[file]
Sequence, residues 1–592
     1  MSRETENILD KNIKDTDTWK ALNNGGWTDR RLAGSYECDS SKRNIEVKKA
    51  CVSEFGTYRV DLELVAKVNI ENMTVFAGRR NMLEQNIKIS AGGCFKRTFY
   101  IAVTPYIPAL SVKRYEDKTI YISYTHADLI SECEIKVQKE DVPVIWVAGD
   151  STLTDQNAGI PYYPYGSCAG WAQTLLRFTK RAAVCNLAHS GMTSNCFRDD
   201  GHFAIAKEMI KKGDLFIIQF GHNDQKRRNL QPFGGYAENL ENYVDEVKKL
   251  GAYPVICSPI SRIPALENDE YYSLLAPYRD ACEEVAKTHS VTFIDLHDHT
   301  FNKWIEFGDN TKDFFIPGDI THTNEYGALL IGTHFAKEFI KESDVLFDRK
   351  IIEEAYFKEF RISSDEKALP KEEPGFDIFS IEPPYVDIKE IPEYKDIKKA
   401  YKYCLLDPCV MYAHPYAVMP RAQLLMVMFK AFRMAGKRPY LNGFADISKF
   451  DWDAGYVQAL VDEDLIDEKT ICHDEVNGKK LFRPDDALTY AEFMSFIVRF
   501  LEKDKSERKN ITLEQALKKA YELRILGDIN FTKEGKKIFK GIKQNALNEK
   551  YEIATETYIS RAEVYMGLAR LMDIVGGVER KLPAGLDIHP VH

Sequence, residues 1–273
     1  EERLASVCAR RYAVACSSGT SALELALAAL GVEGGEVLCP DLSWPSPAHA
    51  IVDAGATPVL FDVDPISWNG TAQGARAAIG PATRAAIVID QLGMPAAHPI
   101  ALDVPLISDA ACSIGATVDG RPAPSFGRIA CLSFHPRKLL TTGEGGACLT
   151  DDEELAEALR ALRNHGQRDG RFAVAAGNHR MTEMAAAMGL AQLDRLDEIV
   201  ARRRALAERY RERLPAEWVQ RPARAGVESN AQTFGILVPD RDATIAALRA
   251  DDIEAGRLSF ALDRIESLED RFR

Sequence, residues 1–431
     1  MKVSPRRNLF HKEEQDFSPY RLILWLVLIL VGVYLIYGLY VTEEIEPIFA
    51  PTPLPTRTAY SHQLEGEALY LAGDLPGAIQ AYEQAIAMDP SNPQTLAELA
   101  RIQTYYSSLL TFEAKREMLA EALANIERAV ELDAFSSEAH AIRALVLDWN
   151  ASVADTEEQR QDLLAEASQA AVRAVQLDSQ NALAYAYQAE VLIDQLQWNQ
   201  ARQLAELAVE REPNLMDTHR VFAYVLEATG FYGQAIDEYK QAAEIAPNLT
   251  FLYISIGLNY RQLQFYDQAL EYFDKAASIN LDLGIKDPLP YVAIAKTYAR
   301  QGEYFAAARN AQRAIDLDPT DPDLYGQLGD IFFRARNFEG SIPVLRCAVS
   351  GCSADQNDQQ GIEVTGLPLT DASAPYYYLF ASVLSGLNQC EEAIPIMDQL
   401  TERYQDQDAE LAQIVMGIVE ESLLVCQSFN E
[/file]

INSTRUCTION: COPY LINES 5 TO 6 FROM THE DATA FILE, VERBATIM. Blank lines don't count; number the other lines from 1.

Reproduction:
   151  STLTDQNAGI PYYPYGSCAG WAQTLLRFTK RAAVCNLAHS GMTSNCFRDD
   201  GHFAIAKEMI KKGDLFIIQF GHNDQKRRNL QPFGGYAENL ENYVDEVKKL